Once believed to be extinct, the Puerto Rican Crested Toad (PRCT) population has been on the rise. Since 2019, Miller Park Zoo has been working with other accredited institutions to breed a small population of toads for reintroduction into the wild. Our efforts have finally paid off! Recently, we sent off 37 tadpoles to Puerto Rico.
Many factors have led to their decline in population. Such as, competition from invasive species, habitat destruction and rising sea levels. Researchers concluded that efforts needed to be taken to sustain a viable population. In 1984, the PRCT became the first amphibian to be placed on a Species Survival Plan (SSP) managed by the Association of Zoos and Aquariums.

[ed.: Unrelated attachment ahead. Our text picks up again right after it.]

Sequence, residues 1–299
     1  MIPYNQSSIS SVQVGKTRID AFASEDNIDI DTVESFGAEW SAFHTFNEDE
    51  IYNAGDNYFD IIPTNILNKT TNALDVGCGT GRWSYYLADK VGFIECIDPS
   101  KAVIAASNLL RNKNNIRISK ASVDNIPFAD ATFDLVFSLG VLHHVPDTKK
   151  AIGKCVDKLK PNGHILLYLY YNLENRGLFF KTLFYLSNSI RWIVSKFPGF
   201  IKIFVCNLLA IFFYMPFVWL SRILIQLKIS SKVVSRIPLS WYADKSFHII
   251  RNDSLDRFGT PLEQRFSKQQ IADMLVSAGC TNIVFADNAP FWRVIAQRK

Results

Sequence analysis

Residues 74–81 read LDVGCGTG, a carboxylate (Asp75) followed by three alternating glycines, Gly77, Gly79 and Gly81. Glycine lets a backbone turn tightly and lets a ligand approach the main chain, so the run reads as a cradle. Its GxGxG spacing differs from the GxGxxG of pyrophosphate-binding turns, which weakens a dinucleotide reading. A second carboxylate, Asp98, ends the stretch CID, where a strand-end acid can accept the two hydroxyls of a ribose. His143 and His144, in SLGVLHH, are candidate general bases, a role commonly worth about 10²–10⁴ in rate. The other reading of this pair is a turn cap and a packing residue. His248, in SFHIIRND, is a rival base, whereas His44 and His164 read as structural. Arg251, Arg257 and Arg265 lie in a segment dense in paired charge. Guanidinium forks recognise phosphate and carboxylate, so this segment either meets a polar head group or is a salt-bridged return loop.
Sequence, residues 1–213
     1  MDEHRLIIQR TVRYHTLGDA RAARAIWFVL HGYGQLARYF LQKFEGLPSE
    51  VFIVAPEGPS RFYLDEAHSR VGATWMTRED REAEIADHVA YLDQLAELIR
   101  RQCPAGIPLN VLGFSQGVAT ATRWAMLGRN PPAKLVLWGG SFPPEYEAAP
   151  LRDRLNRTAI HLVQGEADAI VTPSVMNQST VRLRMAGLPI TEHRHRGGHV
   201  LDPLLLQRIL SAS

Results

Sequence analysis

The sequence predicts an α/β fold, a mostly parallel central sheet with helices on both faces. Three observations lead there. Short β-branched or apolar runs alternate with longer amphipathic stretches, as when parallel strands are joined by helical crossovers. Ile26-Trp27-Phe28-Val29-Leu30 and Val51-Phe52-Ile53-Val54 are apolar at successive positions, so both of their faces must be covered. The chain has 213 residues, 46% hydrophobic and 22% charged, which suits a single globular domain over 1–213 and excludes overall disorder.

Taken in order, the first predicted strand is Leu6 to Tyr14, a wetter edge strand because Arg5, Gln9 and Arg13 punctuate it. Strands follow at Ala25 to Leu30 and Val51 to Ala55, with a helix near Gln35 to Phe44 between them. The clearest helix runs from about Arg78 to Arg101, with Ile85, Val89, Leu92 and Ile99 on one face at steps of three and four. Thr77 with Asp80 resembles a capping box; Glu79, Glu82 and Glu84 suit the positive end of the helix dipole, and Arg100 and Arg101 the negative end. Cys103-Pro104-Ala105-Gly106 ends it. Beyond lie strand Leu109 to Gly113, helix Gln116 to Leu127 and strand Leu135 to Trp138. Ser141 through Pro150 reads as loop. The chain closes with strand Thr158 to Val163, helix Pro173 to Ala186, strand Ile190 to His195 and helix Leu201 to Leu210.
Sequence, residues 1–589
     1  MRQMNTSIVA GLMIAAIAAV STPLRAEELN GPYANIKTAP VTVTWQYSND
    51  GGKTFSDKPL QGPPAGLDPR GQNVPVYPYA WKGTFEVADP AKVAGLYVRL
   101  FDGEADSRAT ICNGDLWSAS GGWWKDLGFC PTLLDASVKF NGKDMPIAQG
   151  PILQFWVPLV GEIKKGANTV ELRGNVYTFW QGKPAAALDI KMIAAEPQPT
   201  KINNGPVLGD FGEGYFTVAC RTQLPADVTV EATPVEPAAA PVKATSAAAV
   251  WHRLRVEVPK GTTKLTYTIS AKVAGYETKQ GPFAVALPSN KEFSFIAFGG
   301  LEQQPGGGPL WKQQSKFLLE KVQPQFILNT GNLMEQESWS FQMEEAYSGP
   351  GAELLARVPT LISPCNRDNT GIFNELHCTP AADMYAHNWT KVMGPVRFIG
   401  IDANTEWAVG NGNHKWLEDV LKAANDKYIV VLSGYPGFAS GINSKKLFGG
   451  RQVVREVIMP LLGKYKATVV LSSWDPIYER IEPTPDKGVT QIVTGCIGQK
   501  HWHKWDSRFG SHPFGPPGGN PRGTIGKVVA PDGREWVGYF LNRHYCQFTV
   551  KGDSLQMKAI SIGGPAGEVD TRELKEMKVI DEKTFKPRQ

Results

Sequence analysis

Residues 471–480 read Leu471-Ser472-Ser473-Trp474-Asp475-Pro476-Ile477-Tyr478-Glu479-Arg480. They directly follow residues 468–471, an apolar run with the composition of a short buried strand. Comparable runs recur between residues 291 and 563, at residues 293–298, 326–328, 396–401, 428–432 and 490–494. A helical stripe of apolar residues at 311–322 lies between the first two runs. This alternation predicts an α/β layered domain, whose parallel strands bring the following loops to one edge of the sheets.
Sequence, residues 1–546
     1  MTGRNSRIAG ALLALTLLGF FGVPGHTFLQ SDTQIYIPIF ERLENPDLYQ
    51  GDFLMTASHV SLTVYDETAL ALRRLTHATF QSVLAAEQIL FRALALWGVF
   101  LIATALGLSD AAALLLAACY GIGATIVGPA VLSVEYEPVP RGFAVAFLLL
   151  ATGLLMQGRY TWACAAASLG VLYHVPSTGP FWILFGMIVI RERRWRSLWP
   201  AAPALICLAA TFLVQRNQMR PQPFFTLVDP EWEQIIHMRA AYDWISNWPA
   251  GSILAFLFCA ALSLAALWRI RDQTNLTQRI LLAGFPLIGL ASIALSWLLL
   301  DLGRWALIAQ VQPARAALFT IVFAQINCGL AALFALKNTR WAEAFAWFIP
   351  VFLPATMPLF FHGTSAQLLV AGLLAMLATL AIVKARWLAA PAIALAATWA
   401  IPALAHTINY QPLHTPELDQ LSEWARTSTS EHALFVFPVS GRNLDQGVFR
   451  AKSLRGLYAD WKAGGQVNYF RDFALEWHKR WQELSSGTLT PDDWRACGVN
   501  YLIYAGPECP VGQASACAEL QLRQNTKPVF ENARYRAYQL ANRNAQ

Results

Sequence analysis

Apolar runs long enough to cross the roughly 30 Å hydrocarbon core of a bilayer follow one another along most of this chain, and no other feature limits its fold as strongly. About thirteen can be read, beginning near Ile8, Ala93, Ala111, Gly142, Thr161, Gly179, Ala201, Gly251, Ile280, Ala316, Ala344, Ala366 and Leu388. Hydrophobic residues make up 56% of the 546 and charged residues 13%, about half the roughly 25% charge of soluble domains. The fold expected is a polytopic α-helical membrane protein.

Breeding these toads in captivity has proven to be a challenge. They require a very specific environment for breeding. Successful breeding can be impacted by temperature, rainfall simulation, diet, sound, and hormone production. Once eggs are laid, they develop into tadpoles quickly. After their arrival in Puerto Rico, the tadpoles are released into small holding ponds where they will mature and ultimately be released into the wild.
Currently, there are 18 institutions working to breed and reintroduce the PRCT back into the wild. Efforts are also being made to repair habitats and to educate local communities on the importance of the PRCT survival. Thanks to the Species Survival Plan, thousands of toads have been released back into their natural habitat in the Guanica National Forest.